24: Coconut Bavarois at Red Medicine.
Red Medicine is a complicated place. After a year existing in the shadow of it's infamous critic controversy — in which the owners tweeted pictures of then L.A. Times critic S. Irene Virbila — the restaurant finally began to develop into one of the hippest places to eat along Beverly Hills' restaurant row.
Chef Jordan Kahn plays the tortured artist/chef card well, working for weeks without a day off and keeping his kitchen staff to a bare, but overworked, minimum. Many of the dishes at Red Medicine are exquisite to look at, but Kahn's expertise shines through most with his desserts — considering he made a name for himself as the pastry chef at the short-lived Michael Mina spot XIV, this might not come as a surprise.
Red Medicine's signature dessert is probably the coconut bavarois, which might either arrive in a clear eight-inch tall glass or a wide-mouthed white bowl, depending on the night. On the bottom is a rich custard made of coconut milk, then a small quenelle of coffee ice cream and drizzle of condensed milk, then a spoonful of crushed, freeze-dried chicory. Finishing things off are some slippery Thai basil seeds, a dot of basil pureé (or occasionally leaves) and some crumbly shards of what Kahn calls peanut croquant.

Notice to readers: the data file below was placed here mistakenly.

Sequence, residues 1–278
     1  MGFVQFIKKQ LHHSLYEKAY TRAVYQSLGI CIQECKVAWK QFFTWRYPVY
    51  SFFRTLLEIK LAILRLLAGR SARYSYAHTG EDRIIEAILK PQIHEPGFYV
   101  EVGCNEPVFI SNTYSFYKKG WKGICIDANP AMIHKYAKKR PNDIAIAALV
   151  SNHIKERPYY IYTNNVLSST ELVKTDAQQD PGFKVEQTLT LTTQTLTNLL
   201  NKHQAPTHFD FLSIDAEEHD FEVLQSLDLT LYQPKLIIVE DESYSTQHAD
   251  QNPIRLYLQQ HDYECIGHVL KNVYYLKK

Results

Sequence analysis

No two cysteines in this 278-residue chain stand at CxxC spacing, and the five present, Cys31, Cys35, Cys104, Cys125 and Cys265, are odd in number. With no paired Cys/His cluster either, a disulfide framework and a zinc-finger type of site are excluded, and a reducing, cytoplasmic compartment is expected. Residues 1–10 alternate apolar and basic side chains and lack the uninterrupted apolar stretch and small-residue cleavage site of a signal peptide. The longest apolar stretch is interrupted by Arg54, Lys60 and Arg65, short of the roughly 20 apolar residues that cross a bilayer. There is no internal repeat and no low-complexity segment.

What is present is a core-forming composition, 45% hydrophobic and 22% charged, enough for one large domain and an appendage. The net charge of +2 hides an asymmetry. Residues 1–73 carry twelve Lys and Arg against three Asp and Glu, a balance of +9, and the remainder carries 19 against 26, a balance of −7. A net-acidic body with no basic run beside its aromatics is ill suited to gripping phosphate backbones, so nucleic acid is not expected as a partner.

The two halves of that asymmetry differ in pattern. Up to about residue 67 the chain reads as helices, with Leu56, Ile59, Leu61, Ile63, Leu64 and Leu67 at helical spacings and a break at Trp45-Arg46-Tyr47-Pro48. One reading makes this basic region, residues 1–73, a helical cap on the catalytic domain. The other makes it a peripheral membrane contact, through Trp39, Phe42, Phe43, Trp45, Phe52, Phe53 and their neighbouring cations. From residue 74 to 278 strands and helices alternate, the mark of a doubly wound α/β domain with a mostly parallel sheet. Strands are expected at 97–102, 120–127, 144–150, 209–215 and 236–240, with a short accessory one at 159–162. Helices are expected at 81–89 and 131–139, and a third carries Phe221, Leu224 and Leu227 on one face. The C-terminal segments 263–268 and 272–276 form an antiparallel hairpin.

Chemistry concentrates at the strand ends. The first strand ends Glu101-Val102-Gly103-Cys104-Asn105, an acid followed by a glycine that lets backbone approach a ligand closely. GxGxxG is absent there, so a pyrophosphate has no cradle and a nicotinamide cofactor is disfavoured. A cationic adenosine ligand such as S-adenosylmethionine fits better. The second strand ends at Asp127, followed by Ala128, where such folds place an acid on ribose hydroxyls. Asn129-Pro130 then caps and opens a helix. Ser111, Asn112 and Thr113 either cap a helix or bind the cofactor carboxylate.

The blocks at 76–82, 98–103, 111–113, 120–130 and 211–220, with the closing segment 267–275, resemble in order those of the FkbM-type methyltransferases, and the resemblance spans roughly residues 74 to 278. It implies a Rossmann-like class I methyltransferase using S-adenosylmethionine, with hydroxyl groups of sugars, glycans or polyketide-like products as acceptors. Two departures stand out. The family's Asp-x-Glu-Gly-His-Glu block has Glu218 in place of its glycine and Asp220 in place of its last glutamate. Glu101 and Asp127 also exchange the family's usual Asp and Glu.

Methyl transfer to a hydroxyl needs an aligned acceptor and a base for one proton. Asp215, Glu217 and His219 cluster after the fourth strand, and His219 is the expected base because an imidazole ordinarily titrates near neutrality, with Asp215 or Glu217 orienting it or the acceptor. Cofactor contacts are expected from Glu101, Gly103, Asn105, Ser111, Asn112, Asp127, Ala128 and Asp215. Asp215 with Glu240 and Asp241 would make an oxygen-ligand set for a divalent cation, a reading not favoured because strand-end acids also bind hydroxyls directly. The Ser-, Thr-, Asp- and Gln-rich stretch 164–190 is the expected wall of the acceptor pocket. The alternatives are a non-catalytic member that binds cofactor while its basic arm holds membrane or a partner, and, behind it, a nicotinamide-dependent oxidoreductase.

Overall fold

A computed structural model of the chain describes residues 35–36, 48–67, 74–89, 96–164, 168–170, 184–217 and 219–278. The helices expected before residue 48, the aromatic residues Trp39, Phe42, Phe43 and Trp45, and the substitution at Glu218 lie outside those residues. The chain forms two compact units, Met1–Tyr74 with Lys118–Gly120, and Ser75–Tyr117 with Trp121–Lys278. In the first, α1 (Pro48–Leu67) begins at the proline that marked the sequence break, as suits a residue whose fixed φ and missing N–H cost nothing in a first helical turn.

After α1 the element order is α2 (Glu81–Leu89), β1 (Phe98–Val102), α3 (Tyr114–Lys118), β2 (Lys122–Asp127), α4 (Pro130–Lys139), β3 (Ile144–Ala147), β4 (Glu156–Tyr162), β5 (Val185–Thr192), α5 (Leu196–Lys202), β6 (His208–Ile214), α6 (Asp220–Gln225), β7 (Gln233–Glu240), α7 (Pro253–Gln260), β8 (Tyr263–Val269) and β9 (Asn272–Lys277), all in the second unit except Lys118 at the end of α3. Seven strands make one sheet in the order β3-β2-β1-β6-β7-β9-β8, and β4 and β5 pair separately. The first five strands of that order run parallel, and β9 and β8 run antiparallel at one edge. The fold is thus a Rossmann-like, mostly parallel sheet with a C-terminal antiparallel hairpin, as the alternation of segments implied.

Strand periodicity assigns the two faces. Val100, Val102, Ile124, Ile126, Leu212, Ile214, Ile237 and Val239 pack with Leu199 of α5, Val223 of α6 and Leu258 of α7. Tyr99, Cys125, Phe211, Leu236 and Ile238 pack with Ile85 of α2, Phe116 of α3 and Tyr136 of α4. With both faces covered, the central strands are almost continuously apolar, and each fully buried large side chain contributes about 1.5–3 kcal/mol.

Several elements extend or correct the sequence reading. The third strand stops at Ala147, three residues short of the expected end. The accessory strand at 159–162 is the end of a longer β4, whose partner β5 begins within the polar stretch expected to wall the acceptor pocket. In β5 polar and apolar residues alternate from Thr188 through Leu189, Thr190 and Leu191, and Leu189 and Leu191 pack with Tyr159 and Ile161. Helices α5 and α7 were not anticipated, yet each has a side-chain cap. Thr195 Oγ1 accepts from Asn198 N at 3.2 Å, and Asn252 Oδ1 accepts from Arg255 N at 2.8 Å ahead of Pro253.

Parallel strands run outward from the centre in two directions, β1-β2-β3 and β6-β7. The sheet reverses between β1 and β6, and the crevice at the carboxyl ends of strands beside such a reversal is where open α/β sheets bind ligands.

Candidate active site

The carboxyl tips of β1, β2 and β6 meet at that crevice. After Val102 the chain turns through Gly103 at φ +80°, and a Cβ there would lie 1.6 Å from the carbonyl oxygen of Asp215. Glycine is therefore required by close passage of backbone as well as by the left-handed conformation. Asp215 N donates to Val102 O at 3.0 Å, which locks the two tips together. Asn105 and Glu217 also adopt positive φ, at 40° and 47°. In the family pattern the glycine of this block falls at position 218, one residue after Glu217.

In the simplest description, Kahn has condensed the flavors of a Vietnamese iced coffee in a single dessert. Just sweet enough, and with a twinge of bitterness from the coffee and chicory. If the restaurant ever sold the croquant on it's own, which tastes remarkably similar to the stuff you find inside a Nutter Butter cookie, then it would probably be stuffed into every holiday gift bag in town. It is very rare that a dessert can alter the course of an entire meal, making you forget, say, a dry piece of lamb shoulder. Kahn's bavarois will make you do more than forget; it will have you questioning why you didn't order dessert first.
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